That, of course, is the good news. (grin) I hope this helps.

A New Story

“Maldito,” the second story in an interconnected series of ten magic realism stories, went live yesterday on my Stanbrough Writes Substack. If you enjoy magic realism and-or Mexico, you probably don’t want to miss this series of stories.

To subscribe, click the link above and then the Subscribe button at the end of the story. You’ll receive a new short story every Friday, and it’s free.

Below the Subscribe button, there are other short stories you can read in most genres. Enjoy!

The Writing

I started a new novel yesterday. Woohoo!

I would have preferred something other than another Blackwell Ops novel. But as Matt wrote (Quote of the Day), it isn’t what you write, it’s that you write.

What I write isn’t really up to me. I choose to be a writer, and I choose to write fiction, most often novels. But that’s as far as my free will or control goes.

What I write is up to the characters. I go to wherever they invite me, I run through the story with them as it unfolds around us, and I record it as faithfully as I can.

Anyway, I also did some writing-related things. From what I understand, many writers and would-be writers believe those writing-related things are “part” of writing. They aren’t. All too often, they serve as a way to avoid writing. Writing is putting new words on the page.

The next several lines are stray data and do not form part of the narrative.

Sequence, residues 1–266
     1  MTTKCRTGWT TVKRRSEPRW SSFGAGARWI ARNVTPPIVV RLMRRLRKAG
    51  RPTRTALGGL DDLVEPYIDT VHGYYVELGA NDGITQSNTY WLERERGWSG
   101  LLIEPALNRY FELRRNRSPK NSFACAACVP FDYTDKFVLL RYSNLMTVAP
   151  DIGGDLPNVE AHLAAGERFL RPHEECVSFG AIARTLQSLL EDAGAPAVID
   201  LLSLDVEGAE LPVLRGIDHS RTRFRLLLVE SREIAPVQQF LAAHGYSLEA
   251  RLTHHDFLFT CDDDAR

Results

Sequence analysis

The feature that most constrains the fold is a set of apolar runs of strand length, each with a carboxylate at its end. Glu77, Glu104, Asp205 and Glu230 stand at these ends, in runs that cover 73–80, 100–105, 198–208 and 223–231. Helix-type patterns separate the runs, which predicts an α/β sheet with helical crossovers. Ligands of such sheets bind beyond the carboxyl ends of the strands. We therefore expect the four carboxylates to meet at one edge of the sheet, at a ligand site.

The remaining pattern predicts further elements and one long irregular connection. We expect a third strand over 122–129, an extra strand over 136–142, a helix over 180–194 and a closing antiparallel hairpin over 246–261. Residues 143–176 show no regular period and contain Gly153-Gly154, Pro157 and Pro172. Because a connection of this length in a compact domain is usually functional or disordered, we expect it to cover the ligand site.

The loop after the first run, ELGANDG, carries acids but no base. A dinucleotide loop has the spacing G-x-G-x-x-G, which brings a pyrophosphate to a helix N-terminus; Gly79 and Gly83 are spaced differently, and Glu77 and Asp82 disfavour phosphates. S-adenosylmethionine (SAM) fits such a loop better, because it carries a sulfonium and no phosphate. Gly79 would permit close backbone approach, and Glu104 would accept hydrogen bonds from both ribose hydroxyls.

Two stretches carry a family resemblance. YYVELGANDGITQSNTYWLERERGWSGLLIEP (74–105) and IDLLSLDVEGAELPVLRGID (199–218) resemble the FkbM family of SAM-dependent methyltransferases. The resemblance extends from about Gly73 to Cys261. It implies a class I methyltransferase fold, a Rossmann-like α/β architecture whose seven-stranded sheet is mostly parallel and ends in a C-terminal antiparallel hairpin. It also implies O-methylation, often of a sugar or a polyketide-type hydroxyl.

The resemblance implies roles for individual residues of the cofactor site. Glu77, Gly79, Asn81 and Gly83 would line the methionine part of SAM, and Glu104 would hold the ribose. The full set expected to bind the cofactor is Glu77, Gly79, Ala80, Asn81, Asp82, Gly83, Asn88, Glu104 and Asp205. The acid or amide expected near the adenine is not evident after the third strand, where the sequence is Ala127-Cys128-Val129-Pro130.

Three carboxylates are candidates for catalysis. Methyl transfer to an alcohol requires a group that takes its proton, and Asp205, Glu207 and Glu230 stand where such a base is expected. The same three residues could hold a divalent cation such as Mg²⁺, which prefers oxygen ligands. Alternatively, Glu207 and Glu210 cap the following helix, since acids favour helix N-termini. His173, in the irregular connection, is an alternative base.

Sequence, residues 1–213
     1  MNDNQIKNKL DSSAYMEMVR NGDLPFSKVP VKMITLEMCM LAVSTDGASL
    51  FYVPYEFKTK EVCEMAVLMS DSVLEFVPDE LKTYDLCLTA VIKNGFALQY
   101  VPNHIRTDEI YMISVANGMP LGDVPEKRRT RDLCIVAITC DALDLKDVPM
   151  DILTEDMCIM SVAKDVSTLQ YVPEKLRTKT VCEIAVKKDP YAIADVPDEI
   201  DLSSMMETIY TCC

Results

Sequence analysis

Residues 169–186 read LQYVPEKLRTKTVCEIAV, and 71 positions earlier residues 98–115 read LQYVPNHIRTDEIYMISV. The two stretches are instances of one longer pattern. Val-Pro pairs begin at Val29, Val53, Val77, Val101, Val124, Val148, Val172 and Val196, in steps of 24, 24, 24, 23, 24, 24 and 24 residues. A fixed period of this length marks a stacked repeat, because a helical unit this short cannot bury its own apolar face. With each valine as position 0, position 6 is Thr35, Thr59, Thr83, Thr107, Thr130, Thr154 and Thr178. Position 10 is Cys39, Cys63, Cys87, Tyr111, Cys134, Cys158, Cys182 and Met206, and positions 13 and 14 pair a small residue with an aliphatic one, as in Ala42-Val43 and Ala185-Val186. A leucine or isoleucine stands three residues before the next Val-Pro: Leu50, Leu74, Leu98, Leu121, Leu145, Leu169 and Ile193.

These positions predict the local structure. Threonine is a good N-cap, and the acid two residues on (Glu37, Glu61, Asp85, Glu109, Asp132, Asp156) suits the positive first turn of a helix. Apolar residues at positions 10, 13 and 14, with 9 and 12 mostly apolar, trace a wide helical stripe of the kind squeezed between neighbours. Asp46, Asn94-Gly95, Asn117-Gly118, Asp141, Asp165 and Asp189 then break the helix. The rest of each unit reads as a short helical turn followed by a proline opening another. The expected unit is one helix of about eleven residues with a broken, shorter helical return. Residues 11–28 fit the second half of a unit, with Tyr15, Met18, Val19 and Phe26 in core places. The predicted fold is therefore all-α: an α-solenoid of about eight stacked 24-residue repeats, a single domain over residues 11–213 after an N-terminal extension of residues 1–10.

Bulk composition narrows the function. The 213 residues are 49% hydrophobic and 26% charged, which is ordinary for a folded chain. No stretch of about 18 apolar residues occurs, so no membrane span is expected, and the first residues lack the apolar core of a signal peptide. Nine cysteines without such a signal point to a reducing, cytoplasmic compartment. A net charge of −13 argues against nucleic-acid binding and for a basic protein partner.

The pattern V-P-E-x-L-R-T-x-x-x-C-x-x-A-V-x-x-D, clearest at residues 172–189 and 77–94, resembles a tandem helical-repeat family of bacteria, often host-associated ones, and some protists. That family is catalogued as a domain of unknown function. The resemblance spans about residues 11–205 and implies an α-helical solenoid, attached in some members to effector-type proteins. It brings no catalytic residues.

And I wrote this Journal entry. Otherwise I prepped the manuscript template for Blackwell Ops 17 and another one for whatever other novel I might start next. Y’never know.

Then I headed up to the house a couple of hours early to sit on my good side and watch the Sun Bowl.

I’ll talk with you again soon.

Of Interest

U.S. Copyright Office Fair Use Index

The Fresh Start Challenge With Kris

The Numbers

The Journal……………………………… 1290

Writing of Blackwell Ops 17:

Day 1…… 4204 words. To date…… 4204

Fiction for December…………………… 112126
Fiction for 2023…………………………. 5129606
Fiction since August 1………………… 397736
Nonfiction for December……………… 23890
Nonfiction for the year……………… 279470
Annual consumable words………… 788923

2023 Novels to Date……………………… 11
2023 Novellas to Date…………………… 0
2023 Short Stories to Date……………… 10
Novels (since Oct 19, 2014)…………… 82
Novellas (since Nov 1, 2015)…………… 9
Short stories (since Apr 15, 2014)…… 238
Short story collections…………………… 31

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Disclaimer: I am a prolific professional fiction writer. On this blog I teach Writing Into the Dark and adherence to Heinlein’s Rules. Unreasoning fear and the myths of writing will slow your progress as a writer or stop you cold. I will never teach the myths on this blog.